Spot.Us is about to hit the ground running. We hope to have
something to show in mid-to-late October (assuming everything stays on
We’ve gotten here through a couple of stages. The Cliffs Note version of that is as follows.
Stage one: Narratives
After realizing Spot.Us would become a reality I got writing.
Essentially this was a chance to toss ideas around and create a vision
for the site.
The basic approach was: Define the types of users that would
interact with spot.us and then write out their experience of the site –
and what they’d see on each page. I wrote narratives for
“Rita the Reader” “Johnny the Reporter” and “Harry the News
Stage two: Test and Design
This was when spot.us became more public. It included using cheap
tools (a wiki and a blog) to try and get a caricature of how the final
site would work. See “Starting Small and the Importance of Being Iterative” and “Growing a Community and the Importance of Being Iterative.”
The beauty of this phase: If I couldn’t make it work using a wiki and a blog – I’d have some serious re-thinking to do.
Design: I’ve tried to be fairly public with the emerging
designs. The process included working with two individuals who
took my narratives from step one and the working examples from step two
and giving it a user interface. Having the wiki up as a concrete
example only helped.
Along the way – the designers (Jonathan and Anthony
who are awesome) questioned my assumptions, brought fresh perspectives,
etc – so the process itself was iterative and required daily check-ins
and the ability to turn on a dime (change my mind about assumptions).
Stage Three: Development and scaling.
I’m working with HashRocket for development.
Their 3-2-1 process sounds like making a site is incredibly easy,
but I suppose that’s the marketing trick. Truth is – if you come to
them without having gone through stage one and two above (each take
anywhere from 1-3 months) they won’t be able to help you. Or, what is
probably more accurate, they’ll help you – but your expectations must
be lowered since you haven’t set them in a deterministic fashion.
It should really be called 60, 59, 58, 57….1 – but they don’t come
in until the last moments – when all that’s left is to turn the vision
into a functional site.
HashRocket step one was to translate the designs back into narratives,
this time with a programmers perspective/language. Every button,
action, view, must be turned into a “story.”
Learning to work within restrictions
The hardest part of this process is leaving things on the cutting
room floor. We’ve designed an intricate site with a lot of moving parts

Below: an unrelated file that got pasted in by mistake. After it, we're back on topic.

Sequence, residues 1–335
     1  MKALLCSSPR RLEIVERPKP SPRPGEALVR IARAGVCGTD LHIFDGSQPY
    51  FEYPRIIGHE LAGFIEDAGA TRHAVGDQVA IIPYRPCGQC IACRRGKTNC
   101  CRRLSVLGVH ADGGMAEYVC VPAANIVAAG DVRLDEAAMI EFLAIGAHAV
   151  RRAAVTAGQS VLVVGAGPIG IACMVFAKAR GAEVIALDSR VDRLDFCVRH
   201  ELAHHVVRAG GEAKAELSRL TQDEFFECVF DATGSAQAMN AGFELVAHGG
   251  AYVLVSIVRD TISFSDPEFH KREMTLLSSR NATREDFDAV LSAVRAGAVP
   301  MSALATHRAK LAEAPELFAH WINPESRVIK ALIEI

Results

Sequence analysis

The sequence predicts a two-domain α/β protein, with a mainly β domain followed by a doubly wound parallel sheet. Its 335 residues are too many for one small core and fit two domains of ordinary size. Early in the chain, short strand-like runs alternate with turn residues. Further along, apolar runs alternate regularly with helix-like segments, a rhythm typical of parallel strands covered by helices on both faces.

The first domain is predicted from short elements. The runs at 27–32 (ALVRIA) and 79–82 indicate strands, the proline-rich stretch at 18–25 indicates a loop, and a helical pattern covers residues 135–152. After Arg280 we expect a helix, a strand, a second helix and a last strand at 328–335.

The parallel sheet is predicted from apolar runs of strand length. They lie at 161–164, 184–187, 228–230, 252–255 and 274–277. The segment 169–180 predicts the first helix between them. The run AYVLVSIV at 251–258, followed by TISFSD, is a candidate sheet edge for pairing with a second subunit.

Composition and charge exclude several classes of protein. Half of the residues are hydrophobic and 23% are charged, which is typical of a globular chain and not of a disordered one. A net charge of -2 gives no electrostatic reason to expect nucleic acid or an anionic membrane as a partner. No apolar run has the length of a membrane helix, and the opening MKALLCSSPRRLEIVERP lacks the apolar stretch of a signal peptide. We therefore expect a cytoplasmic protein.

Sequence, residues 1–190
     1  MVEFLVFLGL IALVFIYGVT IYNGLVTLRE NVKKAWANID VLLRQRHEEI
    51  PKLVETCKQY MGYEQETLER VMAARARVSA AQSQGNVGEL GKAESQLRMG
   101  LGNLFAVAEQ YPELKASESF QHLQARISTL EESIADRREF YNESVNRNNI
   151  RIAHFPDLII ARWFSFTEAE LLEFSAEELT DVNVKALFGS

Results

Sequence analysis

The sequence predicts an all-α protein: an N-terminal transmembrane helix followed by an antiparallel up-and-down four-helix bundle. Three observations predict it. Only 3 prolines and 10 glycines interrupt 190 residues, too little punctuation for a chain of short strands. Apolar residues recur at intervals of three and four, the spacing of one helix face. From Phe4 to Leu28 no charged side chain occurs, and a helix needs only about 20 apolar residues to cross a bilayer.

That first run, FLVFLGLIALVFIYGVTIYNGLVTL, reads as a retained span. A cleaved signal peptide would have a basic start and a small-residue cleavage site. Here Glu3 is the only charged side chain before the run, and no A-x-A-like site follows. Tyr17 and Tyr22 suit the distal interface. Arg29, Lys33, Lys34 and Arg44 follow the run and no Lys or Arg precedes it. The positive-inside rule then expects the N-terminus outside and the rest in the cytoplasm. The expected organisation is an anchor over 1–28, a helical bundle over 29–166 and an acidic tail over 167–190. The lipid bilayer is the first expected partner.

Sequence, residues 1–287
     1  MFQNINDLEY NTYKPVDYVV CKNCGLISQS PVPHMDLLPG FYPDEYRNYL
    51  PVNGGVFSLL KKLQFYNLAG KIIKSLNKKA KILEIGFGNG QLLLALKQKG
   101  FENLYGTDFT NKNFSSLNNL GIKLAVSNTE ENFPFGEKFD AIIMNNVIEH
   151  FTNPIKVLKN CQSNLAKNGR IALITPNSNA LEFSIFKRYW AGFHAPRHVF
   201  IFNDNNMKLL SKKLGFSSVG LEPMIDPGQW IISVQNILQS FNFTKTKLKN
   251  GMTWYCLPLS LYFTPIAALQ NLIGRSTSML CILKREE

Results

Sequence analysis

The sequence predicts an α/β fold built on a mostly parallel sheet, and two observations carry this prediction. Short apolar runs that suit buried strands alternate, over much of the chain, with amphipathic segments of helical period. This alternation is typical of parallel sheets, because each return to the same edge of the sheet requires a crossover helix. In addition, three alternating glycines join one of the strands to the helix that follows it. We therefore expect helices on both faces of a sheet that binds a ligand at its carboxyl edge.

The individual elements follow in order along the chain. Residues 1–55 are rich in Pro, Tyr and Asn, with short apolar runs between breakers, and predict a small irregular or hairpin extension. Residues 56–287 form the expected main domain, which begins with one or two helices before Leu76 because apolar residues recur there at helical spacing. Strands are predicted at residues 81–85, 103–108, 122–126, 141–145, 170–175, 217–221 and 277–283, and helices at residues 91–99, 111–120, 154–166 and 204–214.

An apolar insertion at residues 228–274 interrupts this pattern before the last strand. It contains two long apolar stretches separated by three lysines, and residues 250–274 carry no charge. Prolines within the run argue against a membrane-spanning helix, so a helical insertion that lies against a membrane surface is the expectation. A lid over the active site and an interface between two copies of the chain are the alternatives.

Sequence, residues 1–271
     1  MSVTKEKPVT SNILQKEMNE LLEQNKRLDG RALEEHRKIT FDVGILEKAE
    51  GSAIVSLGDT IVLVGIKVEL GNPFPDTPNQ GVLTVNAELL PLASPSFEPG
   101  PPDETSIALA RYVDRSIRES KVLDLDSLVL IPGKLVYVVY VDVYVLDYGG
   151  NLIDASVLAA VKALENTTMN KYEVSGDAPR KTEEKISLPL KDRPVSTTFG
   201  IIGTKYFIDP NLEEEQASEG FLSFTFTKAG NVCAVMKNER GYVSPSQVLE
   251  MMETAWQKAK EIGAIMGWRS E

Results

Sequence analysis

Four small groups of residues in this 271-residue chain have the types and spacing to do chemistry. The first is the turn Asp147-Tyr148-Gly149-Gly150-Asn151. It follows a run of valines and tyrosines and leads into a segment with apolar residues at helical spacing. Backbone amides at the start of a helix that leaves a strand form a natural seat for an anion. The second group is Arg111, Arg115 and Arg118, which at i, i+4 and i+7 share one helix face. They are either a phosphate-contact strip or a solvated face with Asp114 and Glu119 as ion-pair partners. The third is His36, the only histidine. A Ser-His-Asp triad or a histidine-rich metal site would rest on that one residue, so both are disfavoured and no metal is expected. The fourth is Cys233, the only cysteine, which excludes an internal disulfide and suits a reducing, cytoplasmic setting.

and a large scope. Of course I’m attached to every link, line and
action we designed, but the fact is – you can only get so
much code shipped in such a short period of time. I’ve had to scale
back… at least for now.
The silver lining is that restrictions force one to cut out
“niceties” and really focus in on the core functionality of your site.
The question I’m forced to ask with every feature is: what is needed
right now for launch? This restriction, although painful for me is probably very healthy.
I won’t suffer from mission creep in this early stage – I simply can’t
Spot.Us is not waiting for a “ta-da” moment. The site will,
hopefully, never be “finished.” It will constantly evolve. That’s
partly why I feel comfortable leaving things on the cutting room table.
As the site grows, I’ll find out what users need/want and then I can
easily look at the functions we left out to see if any answer those
needs. But at least I’m not trying to prescribe or predict what users
will want/need from the start. The fact is – you never know how people
will engage and use your site. That’s why you must release early and
I’m sharply contrasting my experience building Spot.Us with Assignment Zero which many people will remember as a highly anticipated experiment in networked journalism from mid-2007.
I’m trying to keep spot.us as an organically evolving project that is
light with a reasonable turning radius, simply building Assignment Zero
ballooned into a massive undertaking that was done behind closed doors
(despite the best of intentions). When AZ launched it turned like a battleship. (I could talk for hours about my AZ experience. I look back at it fondly, but at the time between grad school and AZ – I was working REALLY long days)
Fear of being open disappears
I don’t think fear was the reason why Assignment Zero was done
behind closed doors and turned into a massive battleship that couldn’t turn. It was more because we were trying to grasp at something that
hadn’t been attempted before. We had no clear vision of what would
happen other than people collaborating on journalism. I hope projects
can better capture
it. My first advice: Don’t prescribe the topic (which AZ
did…”crowdsourcing”), stay open and fluid and remember technology comes second behind community organizing. I would love to see a
successful example of networked journalism. To date – I’m left wanting.
On a regular basis I do hear people that suggest the reason they
haven’t gone public with their idea is the fear that somebody else will
take it. Let that fear go. You can hoard your idea, spend all kinds of
time and money trying to predict what users want – but until you freely
reveal the idea, you’ll never know. The idea might not have a market,
might not have a good user-interface, might not be able to grow a
community, etc, etc, etc. The only way to find out is to determine the
path of least resistance and start.
As journalists become more and more independent – I hope this becomes a regular practice.